Jun 20, 2011 rated it really liked it
I was really sad that I missed the signing for this, as I really wanted to bring Lilly too, as she and are in the middle of this, and I think it would have been a bit of a thrill to meet the real, live author and of course see the toy boats!

We are really enjoying the book very much, and it is gripping very well developed characters an enjoyably vivid (if creepy) description on this other worldly place, we love it.

And Lilly is 12 and I am over 30 lets say, so that just goes to show what a good ag
Jun 20, 2011 rated it it was amazing
'The Wikkeling' captures beautiful and terrible possibilities with the voice of a smart little girl and a not-unimaginable future. Henrietta, her friends and the world they live in are hyper-analyzed to the point of suffocation, so how could a wild animal be bleeding in the attic? Smart, funny and thought-provoking, with gorgeous illustrations, this mystery unfurls like a plant breaking through concrete: delicate, inevitable, and awesome it its smallness. ...more
Jun 22, 2011 rated it it was ok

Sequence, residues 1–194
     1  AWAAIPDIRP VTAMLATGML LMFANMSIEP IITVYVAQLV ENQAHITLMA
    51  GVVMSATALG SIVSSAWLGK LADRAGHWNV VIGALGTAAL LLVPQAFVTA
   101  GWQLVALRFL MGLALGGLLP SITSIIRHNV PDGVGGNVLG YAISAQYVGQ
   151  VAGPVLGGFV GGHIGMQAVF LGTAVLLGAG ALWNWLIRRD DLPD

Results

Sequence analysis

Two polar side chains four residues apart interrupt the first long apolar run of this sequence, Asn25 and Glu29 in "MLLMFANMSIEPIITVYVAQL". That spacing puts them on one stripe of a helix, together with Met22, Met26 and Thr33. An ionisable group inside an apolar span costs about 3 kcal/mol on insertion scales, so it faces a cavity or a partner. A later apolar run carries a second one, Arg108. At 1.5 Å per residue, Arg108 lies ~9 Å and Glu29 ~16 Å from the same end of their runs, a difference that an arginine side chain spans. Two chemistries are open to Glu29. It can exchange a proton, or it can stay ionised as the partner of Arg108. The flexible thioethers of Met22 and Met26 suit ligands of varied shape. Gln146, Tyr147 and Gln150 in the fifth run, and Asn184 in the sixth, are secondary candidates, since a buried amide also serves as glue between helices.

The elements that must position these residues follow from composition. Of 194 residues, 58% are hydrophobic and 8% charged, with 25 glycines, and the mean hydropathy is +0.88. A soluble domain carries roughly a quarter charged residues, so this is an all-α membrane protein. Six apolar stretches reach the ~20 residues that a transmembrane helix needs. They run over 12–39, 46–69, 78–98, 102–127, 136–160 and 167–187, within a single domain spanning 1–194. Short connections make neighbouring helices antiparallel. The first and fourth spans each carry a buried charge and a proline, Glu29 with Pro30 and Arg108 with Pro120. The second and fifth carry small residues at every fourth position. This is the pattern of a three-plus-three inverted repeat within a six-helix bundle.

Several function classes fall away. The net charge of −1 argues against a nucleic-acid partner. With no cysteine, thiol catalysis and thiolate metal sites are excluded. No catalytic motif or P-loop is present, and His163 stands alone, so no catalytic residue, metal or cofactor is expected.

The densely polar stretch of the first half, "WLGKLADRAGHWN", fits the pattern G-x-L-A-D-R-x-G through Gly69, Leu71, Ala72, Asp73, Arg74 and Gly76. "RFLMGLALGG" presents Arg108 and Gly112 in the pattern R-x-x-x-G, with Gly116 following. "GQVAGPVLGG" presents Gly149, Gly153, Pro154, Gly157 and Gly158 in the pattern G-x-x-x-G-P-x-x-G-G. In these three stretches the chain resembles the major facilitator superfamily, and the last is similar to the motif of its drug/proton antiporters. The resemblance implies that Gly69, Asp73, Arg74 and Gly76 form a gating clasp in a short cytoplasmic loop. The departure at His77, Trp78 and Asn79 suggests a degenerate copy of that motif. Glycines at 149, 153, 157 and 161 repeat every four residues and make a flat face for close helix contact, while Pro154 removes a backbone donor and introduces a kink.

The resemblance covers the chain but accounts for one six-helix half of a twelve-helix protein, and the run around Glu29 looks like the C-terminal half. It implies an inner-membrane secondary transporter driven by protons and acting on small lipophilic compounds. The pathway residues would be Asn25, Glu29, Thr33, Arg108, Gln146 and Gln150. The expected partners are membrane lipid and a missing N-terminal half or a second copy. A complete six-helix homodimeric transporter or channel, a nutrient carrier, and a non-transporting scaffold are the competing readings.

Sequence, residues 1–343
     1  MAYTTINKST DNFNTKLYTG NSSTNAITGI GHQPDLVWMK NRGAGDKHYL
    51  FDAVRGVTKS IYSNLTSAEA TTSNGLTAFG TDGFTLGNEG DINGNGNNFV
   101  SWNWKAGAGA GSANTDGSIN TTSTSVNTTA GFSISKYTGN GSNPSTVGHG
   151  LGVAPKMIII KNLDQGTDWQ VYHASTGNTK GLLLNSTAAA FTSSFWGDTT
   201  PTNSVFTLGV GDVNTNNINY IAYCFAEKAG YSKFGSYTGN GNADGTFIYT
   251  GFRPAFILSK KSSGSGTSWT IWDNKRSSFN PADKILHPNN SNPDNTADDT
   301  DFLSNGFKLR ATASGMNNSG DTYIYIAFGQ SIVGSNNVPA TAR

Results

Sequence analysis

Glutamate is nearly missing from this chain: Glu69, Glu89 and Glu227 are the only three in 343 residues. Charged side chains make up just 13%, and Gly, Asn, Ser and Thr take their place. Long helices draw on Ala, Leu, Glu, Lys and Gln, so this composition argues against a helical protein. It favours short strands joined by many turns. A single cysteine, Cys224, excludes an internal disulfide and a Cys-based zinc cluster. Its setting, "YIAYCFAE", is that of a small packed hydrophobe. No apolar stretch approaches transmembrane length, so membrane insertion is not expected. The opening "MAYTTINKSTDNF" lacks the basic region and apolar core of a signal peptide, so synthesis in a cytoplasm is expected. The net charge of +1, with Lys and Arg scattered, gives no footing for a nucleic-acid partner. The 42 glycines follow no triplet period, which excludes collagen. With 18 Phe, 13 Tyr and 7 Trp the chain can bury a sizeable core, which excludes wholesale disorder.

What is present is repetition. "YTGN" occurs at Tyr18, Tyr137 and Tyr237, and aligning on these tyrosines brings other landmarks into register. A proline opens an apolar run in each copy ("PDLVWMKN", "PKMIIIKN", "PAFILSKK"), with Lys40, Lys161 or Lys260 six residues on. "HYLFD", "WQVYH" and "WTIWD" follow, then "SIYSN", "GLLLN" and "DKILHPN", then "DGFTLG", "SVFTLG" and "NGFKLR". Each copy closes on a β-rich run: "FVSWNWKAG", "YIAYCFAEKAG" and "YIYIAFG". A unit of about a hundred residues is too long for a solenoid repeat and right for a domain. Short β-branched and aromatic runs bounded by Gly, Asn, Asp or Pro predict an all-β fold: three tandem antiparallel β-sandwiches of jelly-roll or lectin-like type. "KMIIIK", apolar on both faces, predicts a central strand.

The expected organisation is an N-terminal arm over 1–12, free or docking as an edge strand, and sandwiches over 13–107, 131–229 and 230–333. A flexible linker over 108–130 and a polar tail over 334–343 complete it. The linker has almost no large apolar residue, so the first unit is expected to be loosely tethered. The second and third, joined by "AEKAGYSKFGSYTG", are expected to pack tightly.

Shelves: dystopian
I picked this one up because the book design was fabulous. However, there are far too many moving parts in this story for j fiction...even tho there are some really cool bits. As a whole, the book fails, in spite of moments of coolness.
Jun 13, 2011 rated it liked it
i'm excited and freaked out about this book and the potential it has to give me nightmares about creepers with really long fingers. BECAUSE HAVING REALLY LONG FINGERS IS CREEPY. ...more
Kayleigh James
Apr 19, 2020 rated it it was amazing
Shelves: wow-books
The Wikkeling by Steven Arntson is a very peculiar book indeed. The book is a mystery that is placed in a dystopian setting with an engaging plot that borders on fantasy at times. The book follows Henrietta and her companions Gary and Rose as they try to unravel the mystery of the titular Wikkeling creature of the title. The book is broken up into two parts and has several ‘shadow portraits’ throughout depicting events that are taking place in the world. The very first thing you will be met with ...more